WebMD Medical News
Louise Chang, MD
Dec. 8, 2009 -- A drug-free option for relief from painful cluster headaches
may be just a breath away.
A large new study offers the best evidence to date backing the use of
high-flow oxygen treatment for cluster headaches. Researchers found 78% of
people who received oxygen treatment reported being pain-free or having
adequate pain relief within 15 minutes of treatment.
Researchers say oxygen treatment for cluster headaches is already a part of
accepted treatment guidelines, but its use has been limited by a lack of
high-quality studies supporting its effectiveness.
Cluster headaches affect about 0.3% of the population and are characterized
by bouts of excruciating pain, usually near the eye or temple on one side. The
attacks can last from 15 minutes to three hours without treatment and may occur
several times a day.
The most effective treatment for cluster headaches is injection with the
triptan drug Imitrex, but use is limited due to potential side effects. Use of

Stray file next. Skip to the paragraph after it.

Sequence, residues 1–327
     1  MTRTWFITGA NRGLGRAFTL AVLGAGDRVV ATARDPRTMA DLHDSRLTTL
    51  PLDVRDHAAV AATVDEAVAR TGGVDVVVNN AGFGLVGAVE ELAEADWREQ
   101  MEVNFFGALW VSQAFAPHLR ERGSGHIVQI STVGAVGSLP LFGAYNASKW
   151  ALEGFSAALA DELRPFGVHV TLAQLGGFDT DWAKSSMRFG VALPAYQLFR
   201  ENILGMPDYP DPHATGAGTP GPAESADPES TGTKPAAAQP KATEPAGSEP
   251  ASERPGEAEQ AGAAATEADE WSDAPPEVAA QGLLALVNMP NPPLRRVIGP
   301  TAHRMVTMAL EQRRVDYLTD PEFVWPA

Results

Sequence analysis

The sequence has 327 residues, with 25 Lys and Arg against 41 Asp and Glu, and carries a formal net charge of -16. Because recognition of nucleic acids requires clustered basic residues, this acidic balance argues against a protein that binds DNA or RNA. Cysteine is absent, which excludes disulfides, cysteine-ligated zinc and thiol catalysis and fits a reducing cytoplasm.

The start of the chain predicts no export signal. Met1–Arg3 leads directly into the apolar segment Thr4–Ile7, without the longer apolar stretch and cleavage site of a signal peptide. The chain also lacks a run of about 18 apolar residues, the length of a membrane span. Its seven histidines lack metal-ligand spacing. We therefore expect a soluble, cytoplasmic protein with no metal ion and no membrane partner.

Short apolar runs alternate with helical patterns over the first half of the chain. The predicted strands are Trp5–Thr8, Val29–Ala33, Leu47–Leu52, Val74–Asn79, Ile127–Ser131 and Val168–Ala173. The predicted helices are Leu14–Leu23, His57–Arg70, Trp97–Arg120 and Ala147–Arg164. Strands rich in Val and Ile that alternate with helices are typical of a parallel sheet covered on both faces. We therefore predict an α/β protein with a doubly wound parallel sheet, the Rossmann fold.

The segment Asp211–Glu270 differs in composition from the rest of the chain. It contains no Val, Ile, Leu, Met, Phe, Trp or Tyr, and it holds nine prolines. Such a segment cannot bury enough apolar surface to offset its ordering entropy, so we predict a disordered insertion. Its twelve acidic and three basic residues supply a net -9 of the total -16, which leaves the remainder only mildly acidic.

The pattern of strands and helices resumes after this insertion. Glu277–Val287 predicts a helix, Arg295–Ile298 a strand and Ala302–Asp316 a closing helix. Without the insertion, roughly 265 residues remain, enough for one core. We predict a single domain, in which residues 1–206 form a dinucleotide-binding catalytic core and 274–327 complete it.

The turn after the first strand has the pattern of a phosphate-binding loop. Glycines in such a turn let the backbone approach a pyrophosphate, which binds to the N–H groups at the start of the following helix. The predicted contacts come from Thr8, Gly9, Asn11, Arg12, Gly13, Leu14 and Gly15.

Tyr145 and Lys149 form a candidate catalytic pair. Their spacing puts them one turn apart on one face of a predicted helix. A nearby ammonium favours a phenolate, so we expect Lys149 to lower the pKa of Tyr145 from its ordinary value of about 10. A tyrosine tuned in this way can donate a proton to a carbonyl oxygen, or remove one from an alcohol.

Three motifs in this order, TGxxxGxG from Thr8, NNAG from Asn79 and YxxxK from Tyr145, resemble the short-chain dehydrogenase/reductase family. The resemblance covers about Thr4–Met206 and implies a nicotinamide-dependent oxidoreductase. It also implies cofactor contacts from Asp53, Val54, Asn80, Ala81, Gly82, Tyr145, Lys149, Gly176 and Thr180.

the drug is also not recommended in people with medical problems like coronary
The study, published in The Journal of the American Medical
Association, involved 76 adults with cluster headaches. The participants
treated four cluster headache episodes alternately with either high-flow oxygen
through a face mask for 15 minutes at the start of an attack or regular air
through a face mask. Patients did not know which treatment they were receiving
during each episode.
More than three-fourths of attacks among those who received oxygen treatment
were pain-free or had adequate pain relief within 15 minutes of treatment
compared with 20% of attacks treated with air. Oxygen treatment was also
superior to the placebo air treatment for pain relief at 30 and 60 minutes
after the start of the cluster headache attack.
Unlike with triptan drugs commonly used in cluster headache treatment, no
adverse side effects were associated with the oxygen treatment.
"This work paves the way for further studies to optimize the administration
of oxygen and its more widespread use as an acute attack treatment in cluster
headache, offering an evidence-based alternative to those who cannot take
triptan agents," write researcher Anna S. Cohen, PhD, of the National Hospital
for Neurology and Neurosurgery in London, and colleagues.
SOURCES:Cohen, A. The Journal of the American Medical Association, Dec. 9
2009; vol 302: pp 2451-2457.News release, American Medical Association.
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